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BIOB32H3 Lecture Notes - Varicose Veins, Serous Membrane, Sexual Intercourse

Biological Sciences
Course Code
Kenneth Welch

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Pregnancy and Human Development
From Egg to Embryo
Pregnancy events that occur from fertilization until the infant is born
Conceptus the developing offspring
Gestation period from the last menstrual period until birth
Preembryo conceptus from fertilization until it is two weeks old
Embryo conceptus during the third through the eighth week
Fetus conceptus from the ninth week through birth
Accomplishing Fertilization
The oocyte is viable for 12 to 24 hours
Sperm is viable 24 to 72 hours
For fertilization to occur, coitus must occur no more than:
Three days before ovulation
24 hours after ovulation
Fertilization when a sperm fuses with an egg to form a zygote
Sperm Transport and Capacitation
Fates of ejaculated sperm include:
Leak out of the vagina immediately after deposition
Destroyed by the acidic vaginal environment
Fail to make it through the cervix
Dispersed in the uterine cavity or destroyed by phagocytic leukocytes
Reach the uterine tubes
Sperm must undergo capacitation before they can penetrate the oocyte
Acrosomal Reaction and Sperm Penetration
An ovulated oocyte is encapsulated by :
The corona radiata
The zona pellucida
Sperm binds to the zona pellucida and undergoes the acrosomal reaction
Enzymes are released near the oocyte
Hundreds of acrosomes release their enzymes to digest the zona pellucida
Acrosomal Reaction and Sperm Penetration
Once a sperm makes contact with the oocyte’s membrane:
Beta protein finds and binds to receptors on the oocyte membrane
Alpha protein causes it to insert into the membrane
Blocks to Polyspermy
Only one sperm is allowed to penetrate the oocyte
Two mechanisms ensure monospermy
Fast block to polyspermy membrane depolarization prevents sperm from fusing with the
oocyte membrane
Slow block to polyspermy
The cortical granules release enzymes that destroy sperm receptors
These enzymes cause sperm already bound to receptors to detach
Completion of Meiosis II and Fertilization
Upon entry of sperm, the secondary oocyte:
Completes meiosis II

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Casts out the second polar body
The ovum nucleus swells, and the two nuclei approach each other
When fully swollen, the two nuclei are called pronuclei
Fertilization when the pronuclei come together
Preembryonic Development
The first cleavage produces two daughter cells called blastomeres
Morula the 16 or more cell stage (72 hours old)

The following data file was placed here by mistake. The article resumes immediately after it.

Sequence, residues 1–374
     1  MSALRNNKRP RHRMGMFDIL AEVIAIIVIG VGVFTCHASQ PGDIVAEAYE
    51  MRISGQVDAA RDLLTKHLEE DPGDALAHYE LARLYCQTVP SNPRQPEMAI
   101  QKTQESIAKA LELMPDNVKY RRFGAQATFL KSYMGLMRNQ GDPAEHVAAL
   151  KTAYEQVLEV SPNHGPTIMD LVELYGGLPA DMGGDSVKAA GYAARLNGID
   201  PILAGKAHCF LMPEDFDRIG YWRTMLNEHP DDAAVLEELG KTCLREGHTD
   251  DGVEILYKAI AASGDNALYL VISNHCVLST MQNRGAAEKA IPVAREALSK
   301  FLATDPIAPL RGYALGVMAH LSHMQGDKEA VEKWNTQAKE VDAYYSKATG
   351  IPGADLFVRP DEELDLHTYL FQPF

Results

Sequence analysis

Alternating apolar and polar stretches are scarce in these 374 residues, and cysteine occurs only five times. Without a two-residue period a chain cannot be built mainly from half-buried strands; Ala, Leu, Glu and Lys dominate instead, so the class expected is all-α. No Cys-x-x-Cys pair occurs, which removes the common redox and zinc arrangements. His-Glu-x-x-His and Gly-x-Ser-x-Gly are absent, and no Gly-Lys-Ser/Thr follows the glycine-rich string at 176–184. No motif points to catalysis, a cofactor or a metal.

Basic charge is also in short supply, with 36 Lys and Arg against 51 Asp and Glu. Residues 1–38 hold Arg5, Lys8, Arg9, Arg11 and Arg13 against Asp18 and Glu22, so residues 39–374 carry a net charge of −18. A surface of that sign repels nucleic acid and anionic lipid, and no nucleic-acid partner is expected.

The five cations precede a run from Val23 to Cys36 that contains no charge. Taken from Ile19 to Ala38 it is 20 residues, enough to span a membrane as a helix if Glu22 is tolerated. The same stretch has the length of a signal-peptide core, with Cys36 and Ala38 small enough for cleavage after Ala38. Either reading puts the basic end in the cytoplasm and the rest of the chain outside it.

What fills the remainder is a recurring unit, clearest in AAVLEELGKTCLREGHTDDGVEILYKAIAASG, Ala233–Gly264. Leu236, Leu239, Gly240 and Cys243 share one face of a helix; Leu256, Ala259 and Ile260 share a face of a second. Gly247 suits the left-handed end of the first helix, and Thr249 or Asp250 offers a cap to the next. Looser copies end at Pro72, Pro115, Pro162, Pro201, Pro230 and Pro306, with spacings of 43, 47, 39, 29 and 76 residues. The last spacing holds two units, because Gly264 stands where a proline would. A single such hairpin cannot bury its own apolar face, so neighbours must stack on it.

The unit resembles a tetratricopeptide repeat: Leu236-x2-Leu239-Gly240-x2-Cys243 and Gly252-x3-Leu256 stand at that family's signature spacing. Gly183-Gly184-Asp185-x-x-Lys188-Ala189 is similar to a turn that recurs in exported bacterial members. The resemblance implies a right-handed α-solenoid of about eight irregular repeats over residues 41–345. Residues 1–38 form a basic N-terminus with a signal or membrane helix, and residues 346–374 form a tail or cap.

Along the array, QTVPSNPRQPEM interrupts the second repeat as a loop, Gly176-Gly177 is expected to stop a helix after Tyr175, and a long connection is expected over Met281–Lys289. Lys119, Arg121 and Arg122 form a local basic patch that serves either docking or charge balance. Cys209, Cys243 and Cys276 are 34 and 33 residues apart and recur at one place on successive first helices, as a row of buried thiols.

By the fourth or fifth day the preembryo consists of 100 or so cells (blastocyst)
Blastocyst a fluid-filled hollow sphere composed of:
A single layer of trophoblasts
An inner cell mass
Trophoblasts take part in placenta formation
The inner cell mass becomes the embryonic disc
Begins six to seven days after ovulation when the trophoblasts adhere to the endometrium
The trophoblasts then proliferate and form two distinct layers
Cytotrophoblast cells of the inner layer that retain their cell boundaries
Syncytiotrophoblast cells in the outer layer that lose their plasma membranes and
invade the endometrium
The implanted blastocyst is covered over by endometrial cells
Implantation is completed by the fourteenth day after ovulation
Viability of the corpus luteum is maintained by human chorionic gonadotropin (hCG)
secreted by the trophoblasts
hCG prompts the corpus luteum to continue to secrete progesterone and estrogen
Chorion developed from trophoblasts after implantation, continues this hormonal stimulus
Between the second and third month, the placenta:
Assumes the role of progesterone and estrogen production
Is providing nutrients and removing wastes
Formation of the placenta from:
Embryonic trophoblastic tissues
Maternal endometrial tissues
The chorion develops fingerlike villi, which:
Become vascularized
Extend to the embryo as umbilical arteries and veins
Lie immersed in maternal blood
Decidua basalis part of the endometrium that lies between the chorionic villi and the
stratum basalis
Decidua capsularis part of the endometrium surrounding the uterine cavity face of the
implanted embryo
The placenta is fully formed and functional by the end of the third month
Embryonic placental barriers include:
The chorionic villi
The endothelium of embryonic capillaries
The placenta also secretes other hormones human placental lactogen, human chorionic
thyrotropin, and relaxin
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